Is Age-Integrated Worship a Historical Norm?
Aaron Denlinger posted an article on Reformation21, “Is Family-Integrated Worship the Historical Norm?” In the article, he identified a time in the sixteenth-century Church of Scotland in which children were excluded from worship services.
I’m still chuckling at the YouTube video satire he included on how children’s church started… “Mr. Thompson and the Vicar Invent Children’s Church.”
I don’t disagree with his content in terms of his source documentation of a historical fact in the history of the church of Scotland. Further, I did appreciate that he believes there are advantages to age-integrated worship.
He quotes from Margo Todd’s book, “The Culture of Protestantism in Modern Scotland” where children were excluded from hearing sermons in order not to interrupt the more mature parishioners. This is neither old or new. Jesus encountered it when his disciples wanted to whisk the children away from him and he said, “suffer the little children…” It is clear that our Lord Jesus Christ did not believe his teaching was hampered by the presence of children.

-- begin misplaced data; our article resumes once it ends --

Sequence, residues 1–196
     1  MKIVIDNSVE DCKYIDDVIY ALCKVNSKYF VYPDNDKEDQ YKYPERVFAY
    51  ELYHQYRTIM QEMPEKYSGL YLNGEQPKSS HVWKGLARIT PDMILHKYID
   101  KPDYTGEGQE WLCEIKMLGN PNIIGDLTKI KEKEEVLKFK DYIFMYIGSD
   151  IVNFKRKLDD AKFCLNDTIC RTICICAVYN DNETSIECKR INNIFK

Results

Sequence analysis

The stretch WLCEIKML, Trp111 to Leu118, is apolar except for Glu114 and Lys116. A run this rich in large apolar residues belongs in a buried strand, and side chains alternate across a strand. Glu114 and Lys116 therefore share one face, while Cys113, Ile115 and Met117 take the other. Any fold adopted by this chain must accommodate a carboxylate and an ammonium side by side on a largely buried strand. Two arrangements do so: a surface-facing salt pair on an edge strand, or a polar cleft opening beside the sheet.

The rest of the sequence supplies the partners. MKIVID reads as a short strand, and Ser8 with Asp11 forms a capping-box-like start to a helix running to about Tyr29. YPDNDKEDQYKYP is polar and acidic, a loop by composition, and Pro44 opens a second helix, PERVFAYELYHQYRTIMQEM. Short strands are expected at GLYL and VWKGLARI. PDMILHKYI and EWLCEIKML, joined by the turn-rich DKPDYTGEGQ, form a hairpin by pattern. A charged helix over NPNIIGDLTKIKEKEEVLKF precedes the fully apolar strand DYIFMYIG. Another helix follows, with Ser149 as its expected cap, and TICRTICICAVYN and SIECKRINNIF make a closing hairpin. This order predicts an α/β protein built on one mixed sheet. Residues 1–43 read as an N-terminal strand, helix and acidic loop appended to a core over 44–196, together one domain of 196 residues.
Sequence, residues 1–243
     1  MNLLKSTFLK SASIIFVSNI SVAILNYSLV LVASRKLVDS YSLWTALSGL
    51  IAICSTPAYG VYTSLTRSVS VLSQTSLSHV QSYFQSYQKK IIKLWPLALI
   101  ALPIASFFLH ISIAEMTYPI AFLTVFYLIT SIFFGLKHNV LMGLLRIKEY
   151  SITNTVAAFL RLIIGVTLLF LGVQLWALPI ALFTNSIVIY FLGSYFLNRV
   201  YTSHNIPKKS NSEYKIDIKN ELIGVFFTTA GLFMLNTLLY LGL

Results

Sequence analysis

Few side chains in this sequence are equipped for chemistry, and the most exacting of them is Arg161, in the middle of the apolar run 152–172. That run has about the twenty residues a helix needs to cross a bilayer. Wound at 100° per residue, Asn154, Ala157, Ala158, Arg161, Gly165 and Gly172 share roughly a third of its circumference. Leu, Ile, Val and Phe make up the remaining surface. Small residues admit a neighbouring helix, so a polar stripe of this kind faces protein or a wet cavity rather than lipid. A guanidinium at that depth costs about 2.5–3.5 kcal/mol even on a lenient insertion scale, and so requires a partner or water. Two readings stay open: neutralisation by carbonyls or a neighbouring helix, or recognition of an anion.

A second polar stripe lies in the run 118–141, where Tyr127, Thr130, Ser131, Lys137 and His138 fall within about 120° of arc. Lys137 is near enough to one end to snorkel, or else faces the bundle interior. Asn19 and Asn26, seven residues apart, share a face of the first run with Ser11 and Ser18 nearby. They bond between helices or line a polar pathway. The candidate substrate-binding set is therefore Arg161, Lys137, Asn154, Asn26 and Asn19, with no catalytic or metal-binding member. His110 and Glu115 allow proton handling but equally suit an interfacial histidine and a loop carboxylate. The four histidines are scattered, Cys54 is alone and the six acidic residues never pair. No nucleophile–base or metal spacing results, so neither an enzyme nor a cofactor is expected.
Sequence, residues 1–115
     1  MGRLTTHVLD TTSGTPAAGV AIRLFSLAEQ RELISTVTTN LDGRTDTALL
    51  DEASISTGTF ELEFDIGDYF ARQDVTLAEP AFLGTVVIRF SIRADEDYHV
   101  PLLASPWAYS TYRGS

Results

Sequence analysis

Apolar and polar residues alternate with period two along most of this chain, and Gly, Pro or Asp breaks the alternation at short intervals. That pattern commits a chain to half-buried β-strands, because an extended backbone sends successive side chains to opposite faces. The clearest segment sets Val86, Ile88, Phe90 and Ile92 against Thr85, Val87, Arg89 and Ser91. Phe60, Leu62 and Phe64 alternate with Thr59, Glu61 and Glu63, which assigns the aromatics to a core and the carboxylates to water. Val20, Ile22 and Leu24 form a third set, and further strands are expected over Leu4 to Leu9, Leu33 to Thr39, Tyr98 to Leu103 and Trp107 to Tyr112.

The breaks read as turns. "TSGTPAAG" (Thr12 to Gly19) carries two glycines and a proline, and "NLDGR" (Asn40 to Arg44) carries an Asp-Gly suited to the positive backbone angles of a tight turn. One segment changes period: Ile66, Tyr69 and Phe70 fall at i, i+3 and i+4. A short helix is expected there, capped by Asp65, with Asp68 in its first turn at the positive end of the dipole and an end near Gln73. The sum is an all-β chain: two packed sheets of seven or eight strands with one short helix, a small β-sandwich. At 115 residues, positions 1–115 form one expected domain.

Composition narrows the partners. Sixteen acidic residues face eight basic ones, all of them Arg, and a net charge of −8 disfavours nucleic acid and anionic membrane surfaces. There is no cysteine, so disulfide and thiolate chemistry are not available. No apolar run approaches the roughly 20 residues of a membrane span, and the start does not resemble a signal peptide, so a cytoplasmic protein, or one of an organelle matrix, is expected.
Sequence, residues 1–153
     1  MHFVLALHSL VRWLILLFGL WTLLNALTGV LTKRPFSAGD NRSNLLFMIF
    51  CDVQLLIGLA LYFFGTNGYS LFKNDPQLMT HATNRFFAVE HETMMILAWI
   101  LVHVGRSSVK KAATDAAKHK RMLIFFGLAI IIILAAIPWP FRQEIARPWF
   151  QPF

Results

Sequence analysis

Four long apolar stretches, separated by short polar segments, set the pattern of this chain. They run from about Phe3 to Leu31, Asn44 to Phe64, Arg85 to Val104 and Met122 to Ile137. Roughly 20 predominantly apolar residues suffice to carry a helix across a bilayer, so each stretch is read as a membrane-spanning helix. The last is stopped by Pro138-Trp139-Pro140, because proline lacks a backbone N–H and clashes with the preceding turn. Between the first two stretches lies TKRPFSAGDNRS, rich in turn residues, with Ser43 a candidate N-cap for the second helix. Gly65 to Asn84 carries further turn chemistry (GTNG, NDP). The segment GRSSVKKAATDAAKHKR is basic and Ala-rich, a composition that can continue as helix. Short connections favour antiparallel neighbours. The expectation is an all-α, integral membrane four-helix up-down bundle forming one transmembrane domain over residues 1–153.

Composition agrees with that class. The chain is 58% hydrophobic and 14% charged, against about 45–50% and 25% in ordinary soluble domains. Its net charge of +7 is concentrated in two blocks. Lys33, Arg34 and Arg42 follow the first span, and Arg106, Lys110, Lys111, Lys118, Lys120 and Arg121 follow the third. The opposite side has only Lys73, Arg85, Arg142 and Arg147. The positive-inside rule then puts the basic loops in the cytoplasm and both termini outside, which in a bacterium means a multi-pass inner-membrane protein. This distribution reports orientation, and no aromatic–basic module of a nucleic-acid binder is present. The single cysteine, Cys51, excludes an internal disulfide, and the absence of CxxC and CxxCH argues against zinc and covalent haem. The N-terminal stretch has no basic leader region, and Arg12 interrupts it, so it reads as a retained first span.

The question Mr. Denlinger poses is historical – not biblical. Is the historical pattern age-segregated or not? While Aaron Denlinger is correct that the church in Scotland did in fact practice this form of age segregation, I would like to offer four considerations.
First, our argument has always been that age integration has been the norm in the church, while there have been exceptions and different expressions of it throughout history. We have crafted an extensive document to explain the nuances, “A Declaration for the Complementary Roles of Church and Family.”
Here is how I describe history on the matter in my book, “A Weed in the Church”:
“for most of Christian history, children were present in the meetings of God’s people.”1
I would have preferred that Mr. Denlinger provide some positive proof that excluding children in the services of the worship of God has been the norm. He is correct if he is saying that there are examples which are exceptions, where age segregation was practiced.
Second, exceptions don’t invalidate the norm. Various exceptions in church history do not invalidate the idea that age integration in worship has been the dominant practice. We maintain that until you get to the latter half of the 20th century, including children in the worship of God was the dominant practice – but not the exclusive practice. Isolated examples do not prove the point.